Jackson Women’s Health Organization’s Shannon Brewer contributes an opinion piece to the New York Times describing what it’s like to be the clinic director at the only abortion clinic left in Mississippi, dealing with dozens of restrictions imposed on the provision of abortion care in the state. She talks about the upcoming Supreme Court case brought by her clinic with the Center for Reproductive Rights—and the urgent need for Congress to pass the Women’s Health Protection Act to protect abortion access from the current web of restrictions and bans. She writes:
“When Mississippi’s Legislature passed a ban on almost all abortions after 15 weeks of pregnancy in 2018, I was outraged but not worried. This ban is plainly unconstitutional under Roe v. Wade, the 1973 U.S. Supreme Court ruling that said that states cannot ban abortion before a fetus is viable outside the womb, typically around 23 weeks of pregnancy at the earliest. So we sued the state — as we have before — and the ban has been blocked ever since. I was not concerned when the state appealed to the Supreme Court. I expected the court would not take up the case.
Then last month, I got a call from my lawyer at the Center for Reproductive Rights. The Supreme Court would hear Mississippi’s appeal, she said. It would reconsider whether states may ban abortion before the point set forth in Roe.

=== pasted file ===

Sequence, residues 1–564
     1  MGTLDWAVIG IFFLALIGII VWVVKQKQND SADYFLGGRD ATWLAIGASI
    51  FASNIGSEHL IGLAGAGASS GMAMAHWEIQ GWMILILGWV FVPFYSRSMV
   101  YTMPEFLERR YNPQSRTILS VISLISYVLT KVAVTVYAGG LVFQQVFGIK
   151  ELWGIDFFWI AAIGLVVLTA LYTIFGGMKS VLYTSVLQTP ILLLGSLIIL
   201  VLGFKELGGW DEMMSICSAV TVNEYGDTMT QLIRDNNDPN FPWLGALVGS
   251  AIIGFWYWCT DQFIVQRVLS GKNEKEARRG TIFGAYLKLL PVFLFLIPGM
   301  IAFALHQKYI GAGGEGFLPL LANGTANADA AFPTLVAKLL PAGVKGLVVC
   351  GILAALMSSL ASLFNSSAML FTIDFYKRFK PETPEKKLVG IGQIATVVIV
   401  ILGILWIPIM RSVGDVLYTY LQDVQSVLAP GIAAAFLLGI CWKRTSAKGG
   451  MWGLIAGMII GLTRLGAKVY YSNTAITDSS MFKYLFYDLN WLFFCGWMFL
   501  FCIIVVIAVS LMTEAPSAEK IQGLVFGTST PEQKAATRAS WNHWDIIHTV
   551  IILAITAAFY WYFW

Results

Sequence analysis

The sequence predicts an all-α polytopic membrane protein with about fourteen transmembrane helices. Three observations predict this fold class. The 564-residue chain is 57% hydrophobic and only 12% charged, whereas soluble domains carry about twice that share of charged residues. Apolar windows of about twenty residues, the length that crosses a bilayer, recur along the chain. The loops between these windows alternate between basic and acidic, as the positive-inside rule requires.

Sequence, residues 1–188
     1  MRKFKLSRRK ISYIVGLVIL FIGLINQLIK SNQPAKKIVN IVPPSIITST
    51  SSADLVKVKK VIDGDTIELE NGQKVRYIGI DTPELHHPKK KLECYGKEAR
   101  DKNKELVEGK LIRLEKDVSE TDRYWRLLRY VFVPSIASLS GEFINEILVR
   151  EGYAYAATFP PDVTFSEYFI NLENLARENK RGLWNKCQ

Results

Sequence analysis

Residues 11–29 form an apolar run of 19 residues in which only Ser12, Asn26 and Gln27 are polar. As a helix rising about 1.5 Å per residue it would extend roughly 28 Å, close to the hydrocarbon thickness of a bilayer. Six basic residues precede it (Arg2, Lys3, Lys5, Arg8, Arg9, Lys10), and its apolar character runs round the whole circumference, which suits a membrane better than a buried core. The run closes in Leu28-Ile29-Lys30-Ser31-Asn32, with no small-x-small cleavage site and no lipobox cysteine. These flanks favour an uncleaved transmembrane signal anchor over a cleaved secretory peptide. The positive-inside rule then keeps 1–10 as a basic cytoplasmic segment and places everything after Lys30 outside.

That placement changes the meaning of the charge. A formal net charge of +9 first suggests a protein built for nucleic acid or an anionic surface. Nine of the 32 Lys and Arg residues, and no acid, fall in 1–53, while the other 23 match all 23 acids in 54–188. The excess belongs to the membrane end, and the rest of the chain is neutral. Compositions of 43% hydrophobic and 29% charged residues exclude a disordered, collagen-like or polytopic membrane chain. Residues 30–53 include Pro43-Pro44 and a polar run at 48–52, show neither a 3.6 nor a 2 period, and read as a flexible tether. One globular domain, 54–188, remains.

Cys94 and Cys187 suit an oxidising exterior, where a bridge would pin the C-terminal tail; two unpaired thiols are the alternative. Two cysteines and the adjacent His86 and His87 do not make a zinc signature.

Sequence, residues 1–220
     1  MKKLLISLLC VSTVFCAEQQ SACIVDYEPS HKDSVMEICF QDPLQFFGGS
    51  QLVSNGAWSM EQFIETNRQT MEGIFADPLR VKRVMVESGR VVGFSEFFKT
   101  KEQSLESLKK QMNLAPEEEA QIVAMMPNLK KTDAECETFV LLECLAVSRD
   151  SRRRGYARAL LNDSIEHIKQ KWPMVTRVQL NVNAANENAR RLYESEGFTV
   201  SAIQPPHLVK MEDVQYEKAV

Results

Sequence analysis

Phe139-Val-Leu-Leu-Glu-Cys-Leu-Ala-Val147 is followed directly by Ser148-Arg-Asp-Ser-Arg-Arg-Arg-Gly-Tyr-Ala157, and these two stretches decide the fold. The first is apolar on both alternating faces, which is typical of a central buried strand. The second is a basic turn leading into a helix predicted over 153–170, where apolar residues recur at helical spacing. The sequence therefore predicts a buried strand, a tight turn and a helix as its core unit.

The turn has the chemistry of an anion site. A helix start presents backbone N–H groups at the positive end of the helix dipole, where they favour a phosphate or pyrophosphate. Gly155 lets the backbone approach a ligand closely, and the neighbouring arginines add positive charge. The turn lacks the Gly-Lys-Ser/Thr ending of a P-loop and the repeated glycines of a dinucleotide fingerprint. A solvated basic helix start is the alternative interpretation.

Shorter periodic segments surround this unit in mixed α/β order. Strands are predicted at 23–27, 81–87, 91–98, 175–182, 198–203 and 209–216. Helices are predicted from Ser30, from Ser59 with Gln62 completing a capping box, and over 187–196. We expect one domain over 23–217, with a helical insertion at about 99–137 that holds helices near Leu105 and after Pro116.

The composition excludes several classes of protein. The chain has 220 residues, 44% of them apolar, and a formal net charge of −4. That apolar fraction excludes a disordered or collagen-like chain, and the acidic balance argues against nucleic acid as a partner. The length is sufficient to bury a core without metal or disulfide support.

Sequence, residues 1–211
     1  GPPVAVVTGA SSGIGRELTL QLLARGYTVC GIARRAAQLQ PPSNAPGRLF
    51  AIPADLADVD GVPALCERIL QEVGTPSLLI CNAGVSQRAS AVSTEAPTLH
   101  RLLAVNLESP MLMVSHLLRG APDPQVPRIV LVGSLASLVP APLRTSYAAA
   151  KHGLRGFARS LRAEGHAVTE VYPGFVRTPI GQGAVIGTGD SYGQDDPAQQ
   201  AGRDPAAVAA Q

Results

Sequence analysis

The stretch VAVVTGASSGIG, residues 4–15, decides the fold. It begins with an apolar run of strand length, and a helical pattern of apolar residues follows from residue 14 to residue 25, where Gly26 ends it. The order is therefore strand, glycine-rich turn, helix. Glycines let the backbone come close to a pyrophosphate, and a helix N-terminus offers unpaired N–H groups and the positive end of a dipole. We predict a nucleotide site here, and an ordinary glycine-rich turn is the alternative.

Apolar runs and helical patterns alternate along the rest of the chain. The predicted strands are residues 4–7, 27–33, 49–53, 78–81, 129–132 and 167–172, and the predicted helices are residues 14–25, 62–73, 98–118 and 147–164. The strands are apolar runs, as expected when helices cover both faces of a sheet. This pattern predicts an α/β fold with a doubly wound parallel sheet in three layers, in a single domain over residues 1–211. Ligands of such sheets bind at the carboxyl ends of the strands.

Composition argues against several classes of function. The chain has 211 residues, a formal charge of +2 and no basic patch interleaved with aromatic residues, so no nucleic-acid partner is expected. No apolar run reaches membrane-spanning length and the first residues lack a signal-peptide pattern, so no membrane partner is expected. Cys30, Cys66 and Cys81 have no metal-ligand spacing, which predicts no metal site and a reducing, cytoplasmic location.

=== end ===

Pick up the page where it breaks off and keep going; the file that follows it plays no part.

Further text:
If the ban is upheld and Roe is reversed, it would make an already awful situation yet more dire. Women may need to drive even farther, across multiple states, to get abortion care…
We need the federal government to put an end to this assault on our rights. We need it to protect abortion access everywhere, for everyone.
On Tuesday, members of Congress reintroduced a bill that would do exactly that — the Women’s Health Protection Act. The bill, which was first introduced in 2013 but has never been passed, would protect against state laws like Mississippi’s two-trip requirement and 15-week ban. It would do so by creating a statutory right for health care providers to deliver abortion care and a right for patients to receive that care without medically unnecessary restrictions.”
Read “We’re Mississippi’s Last Abortion Clinic, and We’re Braced for the Worst,” New York Times, June 9, 2021